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Toyota thought they had something going with the 2018 C-HR. It looked promising in the beginning, and many people rushed out to buy it. But some ultimately regretted that decision. 

The Toyota C-HR crossover SUV turned out to be a magnet for problems, as newly introduced vehicles tend to be. It had some impressive features, but drivers focused more on what went wrong. Consumer Reports show the issues that it had and what owners thought of their purchase. 

What went wrong with the 2018 Toyota C-HR?

The 2018 Toyota C-HR received the lowest rating of one out of five for predicted reliability from Consumer Reports. It had some problems with the in-car electronics, as well as the climate, fuel, and drive systems. Plus, some people complained of a few minor engine issues as well.

The major problem plaguing the C-HR was some of the power equipment in the vehicle. Owners filed complaints on stating their vehicle’s electrical system caused all kinds of issues. 

Some had the car shut off for no reason while driving down the road, and others experienced random warning lights for no apparent explanation. There were even a few complaining that the car wouldn’t start and the warning they got was for a brake override malfunction. 

There was even a safety recall issued on it. The recall was for a parking brake problem where it could, potentially, not engage and the car would roll down a hill, causing a possible crash. 

What did owners think of the 2019 C-HR?

When owners responded to Consumer Report’s survey, some interesting information came about. Overall, the owner’s satisfaction of the crossover SUV rating scored a one out of five points.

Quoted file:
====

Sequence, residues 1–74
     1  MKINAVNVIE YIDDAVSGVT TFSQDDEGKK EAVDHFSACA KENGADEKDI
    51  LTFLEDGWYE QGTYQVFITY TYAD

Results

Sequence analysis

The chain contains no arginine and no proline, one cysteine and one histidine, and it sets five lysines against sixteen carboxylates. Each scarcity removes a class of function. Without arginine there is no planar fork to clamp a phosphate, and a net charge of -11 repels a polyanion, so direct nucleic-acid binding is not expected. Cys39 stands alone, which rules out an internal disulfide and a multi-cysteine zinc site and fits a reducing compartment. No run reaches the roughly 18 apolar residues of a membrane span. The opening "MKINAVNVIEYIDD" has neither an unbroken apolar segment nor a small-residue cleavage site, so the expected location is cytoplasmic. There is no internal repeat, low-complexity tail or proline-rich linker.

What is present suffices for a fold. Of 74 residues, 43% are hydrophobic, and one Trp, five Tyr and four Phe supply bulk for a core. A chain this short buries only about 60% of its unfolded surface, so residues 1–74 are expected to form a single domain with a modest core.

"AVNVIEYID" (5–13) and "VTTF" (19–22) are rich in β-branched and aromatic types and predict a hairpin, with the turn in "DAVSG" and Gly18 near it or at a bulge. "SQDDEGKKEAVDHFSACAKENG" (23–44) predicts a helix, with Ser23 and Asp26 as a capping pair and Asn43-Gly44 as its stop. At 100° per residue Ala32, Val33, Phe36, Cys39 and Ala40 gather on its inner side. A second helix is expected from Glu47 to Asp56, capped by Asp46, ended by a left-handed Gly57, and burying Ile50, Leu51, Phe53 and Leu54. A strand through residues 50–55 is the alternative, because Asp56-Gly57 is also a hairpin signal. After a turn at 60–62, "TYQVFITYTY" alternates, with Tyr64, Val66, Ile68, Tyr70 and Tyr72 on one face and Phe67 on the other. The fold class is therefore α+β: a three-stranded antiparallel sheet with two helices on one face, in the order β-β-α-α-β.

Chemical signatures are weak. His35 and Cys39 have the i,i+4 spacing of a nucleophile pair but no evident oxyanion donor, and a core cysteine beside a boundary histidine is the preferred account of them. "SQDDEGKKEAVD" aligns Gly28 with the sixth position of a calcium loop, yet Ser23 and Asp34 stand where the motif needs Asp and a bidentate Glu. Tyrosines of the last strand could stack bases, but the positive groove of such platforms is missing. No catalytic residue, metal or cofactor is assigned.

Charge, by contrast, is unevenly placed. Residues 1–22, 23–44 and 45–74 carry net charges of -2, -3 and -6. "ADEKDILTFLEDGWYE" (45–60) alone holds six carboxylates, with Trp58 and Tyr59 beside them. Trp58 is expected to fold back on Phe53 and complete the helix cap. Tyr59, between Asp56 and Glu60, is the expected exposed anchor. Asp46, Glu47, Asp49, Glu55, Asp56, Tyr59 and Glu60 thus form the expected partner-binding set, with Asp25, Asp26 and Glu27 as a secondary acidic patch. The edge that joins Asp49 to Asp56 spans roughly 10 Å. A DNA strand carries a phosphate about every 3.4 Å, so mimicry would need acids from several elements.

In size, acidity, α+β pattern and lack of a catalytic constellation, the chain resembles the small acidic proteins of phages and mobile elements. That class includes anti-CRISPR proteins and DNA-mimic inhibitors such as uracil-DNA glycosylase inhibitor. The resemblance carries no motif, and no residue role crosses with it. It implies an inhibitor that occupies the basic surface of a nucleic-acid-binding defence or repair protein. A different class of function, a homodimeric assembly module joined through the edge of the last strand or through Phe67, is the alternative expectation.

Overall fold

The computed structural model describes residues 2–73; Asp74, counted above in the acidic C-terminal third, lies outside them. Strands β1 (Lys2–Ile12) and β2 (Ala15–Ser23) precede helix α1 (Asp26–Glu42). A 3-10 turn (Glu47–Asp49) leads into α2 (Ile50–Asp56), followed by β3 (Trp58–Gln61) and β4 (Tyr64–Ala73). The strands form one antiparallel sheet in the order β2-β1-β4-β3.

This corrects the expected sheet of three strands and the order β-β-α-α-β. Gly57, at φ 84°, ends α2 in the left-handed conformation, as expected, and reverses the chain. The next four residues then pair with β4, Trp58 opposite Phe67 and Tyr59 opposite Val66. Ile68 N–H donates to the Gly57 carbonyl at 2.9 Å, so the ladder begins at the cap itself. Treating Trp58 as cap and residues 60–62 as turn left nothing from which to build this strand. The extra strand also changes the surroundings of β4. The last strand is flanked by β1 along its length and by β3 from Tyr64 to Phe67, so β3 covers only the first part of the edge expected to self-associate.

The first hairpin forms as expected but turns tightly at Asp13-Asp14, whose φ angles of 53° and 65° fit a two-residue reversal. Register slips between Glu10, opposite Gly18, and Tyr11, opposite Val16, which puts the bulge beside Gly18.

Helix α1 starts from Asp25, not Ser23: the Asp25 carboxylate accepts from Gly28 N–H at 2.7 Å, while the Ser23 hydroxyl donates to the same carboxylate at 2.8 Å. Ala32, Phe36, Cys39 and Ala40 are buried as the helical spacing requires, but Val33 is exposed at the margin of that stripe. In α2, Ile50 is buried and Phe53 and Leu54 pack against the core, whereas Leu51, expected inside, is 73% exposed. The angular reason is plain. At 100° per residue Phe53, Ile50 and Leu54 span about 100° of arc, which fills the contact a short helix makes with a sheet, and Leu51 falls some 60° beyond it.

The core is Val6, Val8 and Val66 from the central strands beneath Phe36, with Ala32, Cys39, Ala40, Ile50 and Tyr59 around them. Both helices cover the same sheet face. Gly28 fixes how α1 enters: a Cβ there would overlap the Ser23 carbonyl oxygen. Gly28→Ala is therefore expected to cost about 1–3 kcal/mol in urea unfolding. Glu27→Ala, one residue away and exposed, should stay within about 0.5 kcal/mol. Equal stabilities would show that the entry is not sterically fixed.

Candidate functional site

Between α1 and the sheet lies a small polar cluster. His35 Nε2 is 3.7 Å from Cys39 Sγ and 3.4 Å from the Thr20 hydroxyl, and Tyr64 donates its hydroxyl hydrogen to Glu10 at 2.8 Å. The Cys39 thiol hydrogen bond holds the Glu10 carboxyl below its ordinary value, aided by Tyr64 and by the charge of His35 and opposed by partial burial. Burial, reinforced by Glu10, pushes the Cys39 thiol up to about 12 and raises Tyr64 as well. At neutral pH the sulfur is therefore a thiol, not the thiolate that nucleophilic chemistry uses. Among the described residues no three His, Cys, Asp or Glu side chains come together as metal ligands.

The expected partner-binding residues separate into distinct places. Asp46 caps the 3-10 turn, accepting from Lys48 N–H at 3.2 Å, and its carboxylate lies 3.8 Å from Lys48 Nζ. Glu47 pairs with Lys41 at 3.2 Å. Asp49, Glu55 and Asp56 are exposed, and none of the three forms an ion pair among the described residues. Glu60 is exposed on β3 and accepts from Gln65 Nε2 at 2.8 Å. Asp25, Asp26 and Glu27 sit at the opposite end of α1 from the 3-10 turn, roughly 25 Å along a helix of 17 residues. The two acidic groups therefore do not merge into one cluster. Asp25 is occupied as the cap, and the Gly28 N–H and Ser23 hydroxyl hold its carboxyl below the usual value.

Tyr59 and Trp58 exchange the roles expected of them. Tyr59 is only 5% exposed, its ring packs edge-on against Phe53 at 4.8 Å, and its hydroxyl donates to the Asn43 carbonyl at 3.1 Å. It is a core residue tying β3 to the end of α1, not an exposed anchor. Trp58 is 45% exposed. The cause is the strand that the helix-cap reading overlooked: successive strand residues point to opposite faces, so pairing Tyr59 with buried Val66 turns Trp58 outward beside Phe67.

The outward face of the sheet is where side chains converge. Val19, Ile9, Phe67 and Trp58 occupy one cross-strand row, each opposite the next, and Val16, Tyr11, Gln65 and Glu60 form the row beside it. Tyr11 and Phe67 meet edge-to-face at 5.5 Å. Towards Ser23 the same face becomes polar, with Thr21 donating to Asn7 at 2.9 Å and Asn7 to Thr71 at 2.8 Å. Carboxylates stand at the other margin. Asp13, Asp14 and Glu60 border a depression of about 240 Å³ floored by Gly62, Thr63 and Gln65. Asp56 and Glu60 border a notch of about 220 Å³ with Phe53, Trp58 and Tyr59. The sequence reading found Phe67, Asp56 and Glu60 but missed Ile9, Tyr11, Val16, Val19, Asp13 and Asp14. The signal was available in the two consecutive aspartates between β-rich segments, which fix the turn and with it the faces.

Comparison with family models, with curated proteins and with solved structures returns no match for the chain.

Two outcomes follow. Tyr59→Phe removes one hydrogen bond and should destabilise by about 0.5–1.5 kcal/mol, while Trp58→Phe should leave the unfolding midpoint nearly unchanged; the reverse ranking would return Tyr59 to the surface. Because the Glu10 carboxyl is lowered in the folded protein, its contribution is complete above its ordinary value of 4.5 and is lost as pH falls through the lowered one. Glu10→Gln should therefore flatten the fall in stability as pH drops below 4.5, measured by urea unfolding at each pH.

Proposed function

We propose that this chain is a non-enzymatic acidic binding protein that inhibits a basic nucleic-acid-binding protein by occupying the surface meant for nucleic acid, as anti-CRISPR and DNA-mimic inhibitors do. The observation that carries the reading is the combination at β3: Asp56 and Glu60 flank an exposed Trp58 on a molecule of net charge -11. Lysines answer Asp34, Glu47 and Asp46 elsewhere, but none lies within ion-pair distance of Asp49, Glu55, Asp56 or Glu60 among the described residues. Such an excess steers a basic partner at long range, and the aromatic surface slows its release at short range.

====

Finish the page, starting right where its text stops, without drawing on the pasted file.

The owners favored driving experience and vehicle styling fairly well, while value fell to mid-range. But comfort level plummeted to a low rating of 22 out of 100 points. This meant that they didn’t feel the seats, climate control, noise and ride measured up to their standards. 

The last area these drivers were asked to review was their opinion on whether or not they would purchase the C-HR again. According to the data, Consumer Reports received, only 39% said they go for it again down the road. 

Did Toyota improve on the 2018 model?

A Toyota C-HR on display at an auto show
A new Toyota C-HR at an auto show | Dasril Roszandi/NurPhoto via Getty Images

Looking at the data for the 2019 model year, most of the trouble spots had gotten better. They were still, however, plagued with some power equipment issues, but not nearly as bad as the previous year. 

When it comes to dependability, the Toyota C-HR ended up with three safety recalls issued on it. One was for a seat belt issue, another for a possible hard-to-read label, and the last one was for the bolts on the rear axle hub bearing. 

Owners of this crossover SUV saw a significant improvement, though, especially with comfort levels. They scored it 76 out of 100 and 59% said they buy it again when given the chance. 

The 2020 model, however, didn’t fare as well. Comfort level dropped to 49 out of 100, and driving experience, as well as styling,also fell in scores. When asked if they would buy it again, only 49%, this time, said they would purchase another one in the future.

As with many automakers, Toyota had a bad year with the C-HR in its 2018 model. Over the next couple of years, they tried to improve it and succeeded in 2019 only to hit head-first into more problems in 2020. Overall, the C-HR is a decent vehicle, but you might want to consider turning away from the 2018 model


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